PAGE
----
The Horse Chestnut is instantly recognisable by the combination of its hand-shaped compound leaf, its pinky-white flower spikes in the spring, and its spiny-shelled fruits in the autumn which contain the conkers.
The Horse Chestnut is a tall, broad tree that has been widely planted in parks and gardens. Originally native to the mountains of northern Greece and Albania, the Horse Chestnut was introduced into the UK in 1616 and has since become naturalised. In April and May, rows of Horse Chestnuts lining roads and in woodlands provide a spectacular display of ‘candles’ – large, upright flower spikes ranging in colour from white to deep pink. In autumn, it sheds its spiny-cased seeds, known as conkers, which are collected by children everywhere for conker competitions (attached to strings, two conkers are alternately flicked at each other until one breaks).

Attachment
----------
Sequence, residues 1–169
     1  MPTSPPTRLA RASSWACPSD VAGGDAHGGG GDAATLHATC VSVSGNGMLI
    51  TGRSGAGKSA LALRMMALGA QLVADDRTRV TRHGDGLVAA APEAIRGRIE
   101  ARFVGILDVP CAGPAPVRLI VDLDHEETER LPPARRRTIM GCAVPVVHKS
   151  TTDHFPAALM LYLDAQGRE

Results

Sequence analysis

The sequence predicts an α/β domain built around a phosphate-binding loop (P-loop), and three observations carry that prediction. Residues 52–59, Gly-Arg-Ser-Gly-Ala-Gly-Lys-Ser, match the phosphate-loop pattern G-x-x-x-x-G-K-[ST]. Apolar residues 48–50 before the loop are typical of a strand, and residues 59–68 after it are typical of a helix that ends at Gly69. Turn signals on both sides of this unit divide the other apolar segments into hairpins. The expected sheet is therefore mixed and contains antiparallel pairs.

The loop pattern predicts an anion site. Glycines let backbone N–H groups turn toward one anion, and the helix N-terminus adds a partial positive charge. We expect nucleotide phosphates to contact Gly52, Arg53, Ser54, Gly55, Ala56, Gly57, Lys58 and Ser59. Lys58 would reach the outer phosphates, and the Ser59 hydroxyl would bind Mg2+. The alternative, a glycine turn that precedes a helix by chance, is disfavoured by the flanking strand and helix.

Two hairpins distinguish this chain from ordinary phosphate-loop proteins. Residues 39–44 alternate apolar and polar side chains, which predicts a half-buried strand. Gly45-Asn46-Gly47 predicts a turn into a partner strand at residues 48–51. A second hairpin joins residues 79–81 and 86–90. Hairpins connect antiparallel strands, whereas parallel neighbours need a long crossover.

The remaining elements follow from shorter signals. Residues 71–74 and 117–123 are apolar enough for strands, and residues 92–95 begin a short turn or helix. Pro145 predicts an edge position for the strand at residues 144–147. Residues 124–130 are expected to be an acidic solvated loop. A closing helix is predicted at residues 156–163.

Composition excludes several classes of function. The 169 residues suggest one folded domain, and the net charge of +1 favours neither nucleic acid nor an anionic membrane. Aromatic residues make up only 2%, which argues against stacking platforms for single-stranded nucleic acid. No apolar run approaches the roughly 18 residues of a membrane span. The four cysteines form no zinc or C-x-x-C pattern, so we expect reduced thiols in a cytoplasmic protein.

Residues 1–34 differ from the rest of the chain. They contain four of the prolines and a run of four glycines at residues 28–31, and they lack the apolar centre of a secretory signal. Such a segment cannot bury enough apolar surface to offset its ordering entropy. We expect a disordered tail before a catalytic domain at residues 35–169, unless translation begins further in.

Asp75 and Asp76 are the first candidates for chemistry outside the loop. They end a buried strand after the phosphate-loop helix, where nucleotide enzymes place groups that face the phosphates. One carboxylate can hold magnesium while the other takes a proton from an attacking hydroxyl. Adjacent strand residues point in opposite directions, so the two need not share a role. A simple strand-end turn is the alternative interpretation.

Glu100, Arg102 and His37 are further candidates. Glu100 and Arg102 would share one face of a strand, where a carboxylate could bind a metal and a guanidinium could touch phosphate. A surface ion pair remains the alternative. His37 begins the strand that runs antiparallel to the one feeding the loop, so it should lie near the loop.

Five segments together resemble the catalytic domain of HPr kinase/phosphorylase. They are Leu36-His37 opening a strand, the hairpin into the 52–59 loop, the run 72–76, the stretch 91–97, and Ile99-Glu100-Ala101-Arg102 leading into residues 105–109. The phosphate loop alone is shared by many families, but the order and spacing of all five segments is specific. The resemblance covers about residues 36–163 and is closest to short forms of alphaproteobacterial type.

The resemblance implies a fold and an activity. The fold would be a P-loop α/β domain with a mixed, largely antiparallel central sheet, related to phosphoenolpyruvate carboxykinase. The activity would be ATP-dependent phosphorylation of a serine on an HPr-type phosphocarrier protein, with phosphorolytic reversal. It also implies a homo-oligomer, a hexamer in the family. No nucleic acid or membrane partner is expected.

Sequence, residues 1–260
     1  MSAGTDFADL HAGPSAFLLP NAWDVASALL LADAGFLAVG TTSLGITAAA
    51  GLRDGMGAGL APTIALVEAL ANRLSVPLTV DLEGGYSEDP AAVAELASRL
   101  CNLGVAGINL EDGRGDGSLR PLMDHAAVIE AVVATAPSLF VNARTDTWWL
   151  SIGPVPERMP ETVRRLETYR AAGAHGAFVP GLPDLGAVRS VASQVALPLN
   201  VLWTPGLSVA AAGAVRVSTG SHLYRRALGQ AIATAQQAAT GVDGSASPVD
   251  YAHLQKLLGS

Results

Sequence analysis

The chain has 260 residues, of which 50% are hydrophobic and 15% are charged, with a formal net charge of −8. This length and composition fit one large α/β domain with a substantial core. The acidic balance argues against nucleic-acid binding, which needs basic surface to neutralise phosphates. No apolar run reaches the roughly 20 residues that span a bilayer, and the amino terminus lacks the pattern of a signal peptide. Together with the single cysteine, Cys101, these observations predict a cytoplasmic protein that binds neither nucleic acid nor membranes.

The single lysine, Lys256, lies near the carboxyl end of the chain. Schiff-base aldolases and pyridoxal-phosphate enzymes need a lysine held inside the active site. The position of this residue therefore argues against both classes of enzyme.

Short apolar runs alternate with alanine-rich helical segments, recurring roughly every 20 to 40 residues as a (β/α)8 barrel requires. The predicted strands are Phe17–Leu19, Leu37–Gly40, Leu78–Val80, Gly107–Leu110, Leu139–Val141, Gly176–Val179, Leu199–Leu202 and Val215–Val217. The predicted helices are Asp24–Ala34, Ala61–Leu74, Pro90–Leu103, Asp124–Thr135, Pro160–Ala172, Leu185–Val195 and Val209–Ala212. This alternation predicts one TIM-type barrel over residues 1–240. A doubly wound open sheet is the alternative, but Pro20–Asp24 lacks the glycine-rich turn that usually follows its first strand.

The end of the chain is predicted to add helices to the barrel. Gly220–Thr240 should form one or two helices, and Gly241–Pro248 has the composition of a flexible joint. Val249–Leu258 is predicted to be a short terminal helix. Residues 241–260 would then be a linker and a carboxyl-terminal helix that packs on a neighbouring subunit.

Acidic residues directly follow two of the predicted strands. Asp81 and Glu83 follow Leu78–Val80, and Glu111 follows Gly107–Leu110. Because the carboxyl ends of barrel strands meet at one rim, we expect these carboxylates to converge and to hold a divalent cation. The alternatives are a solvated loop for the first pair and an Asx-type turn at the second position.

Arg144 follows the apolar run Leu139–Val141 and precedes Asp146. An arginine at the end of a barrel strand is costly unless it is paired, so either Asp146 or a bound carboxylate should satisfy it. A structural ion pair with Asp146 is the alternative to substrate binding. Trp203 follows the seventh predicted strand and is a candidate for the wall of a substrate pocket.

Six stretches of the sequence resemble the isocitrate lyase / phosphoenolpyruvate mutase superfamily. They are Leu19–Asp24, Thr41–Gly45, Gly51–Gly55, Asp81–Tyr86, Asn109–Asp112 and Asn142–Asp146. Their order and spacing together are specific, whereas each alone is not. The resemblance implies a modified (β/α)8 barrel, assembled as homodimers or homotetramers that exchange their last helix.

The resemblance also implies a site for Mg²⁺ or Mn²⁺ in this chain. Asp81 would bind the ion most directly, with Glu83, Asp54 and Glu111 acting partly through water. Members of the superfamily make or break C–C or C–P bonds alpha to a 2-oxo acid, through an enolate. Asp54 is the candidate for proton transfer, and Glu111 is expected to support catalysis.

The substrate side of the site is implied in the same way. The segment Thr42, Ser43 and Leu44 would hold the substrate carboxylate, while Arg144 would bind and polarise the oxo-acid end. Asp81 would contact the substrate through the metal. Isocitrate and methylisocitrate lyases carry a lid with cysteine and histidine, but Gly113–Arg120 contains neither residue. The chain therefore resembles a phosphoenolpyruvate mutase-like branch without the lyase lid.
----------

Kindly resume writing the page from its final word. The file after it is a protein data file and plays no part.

How to identify?